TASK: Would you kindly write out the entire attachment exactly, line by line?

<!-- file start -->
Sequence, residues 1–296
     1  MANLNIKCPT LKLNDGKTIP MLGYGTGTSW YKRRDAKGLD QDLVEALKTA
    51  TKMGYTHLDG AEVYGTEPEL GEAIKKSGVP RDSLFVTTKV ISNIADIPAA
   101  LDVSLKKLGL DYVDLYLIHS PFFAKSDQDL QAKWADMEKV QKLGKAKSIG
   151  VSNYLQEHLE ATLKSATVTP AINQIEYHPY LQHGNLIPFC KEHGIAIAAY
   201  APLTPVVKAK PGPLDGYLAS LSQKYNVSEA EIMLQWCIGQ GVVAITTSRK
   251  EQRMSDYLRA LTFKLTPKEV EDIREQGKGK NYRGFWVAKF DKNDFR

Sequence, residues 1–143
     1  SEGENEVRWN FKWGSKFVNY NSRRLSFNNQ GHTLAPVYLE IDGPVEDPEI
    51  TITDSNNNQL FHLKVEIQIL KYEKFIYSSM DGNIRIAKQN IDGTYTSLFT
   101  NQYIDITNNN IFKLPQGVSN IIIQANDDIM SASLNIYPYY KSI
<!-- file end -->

Sequence, residues 1–296
     1  MANLNIKCPT LKLNDGKTIP MLGYGTGTSW YKRRDAKGLD QDLVEALKTA
    51  TKMGYTHLDG AEVYGTEPEL GEAIKKSGVP RDSLFVTTKV ISNIADIPAA
   101  LDVSLKKLGL DYVDLYLIHS PFFAKSDQDL QAKWADMEKV QKLGKAKSIG
   151  VSNYLQEHLE ATLKSATVTP AINQIEYHPY LQHGNLIPFC KEHGIAIAAY
   201  APLTPVVKAK PGPLDGYLAS LSQKYNVSEA EIMLQWCIGQ GVVAITTSRK
   251  EQRMSDYLRA LTFKLTPKEV EDIREQGKGK NYRGFWVAKF DKNDFR

Sequence, residues 1–143
     1  SEGENEVRWN FKWGSKFVNY NSRRLSFNNQ GHTLAPVYLE IDGPVEDPEI
    51  TITDSNNNQL FHLKVEIQIL KYEKFIYSSM DGNIRIAKQN IDGTYTSLFT
   101  NQYIDITNNN IFKLPQGVSN IIIQANDDIM SASLNIYPYY KSI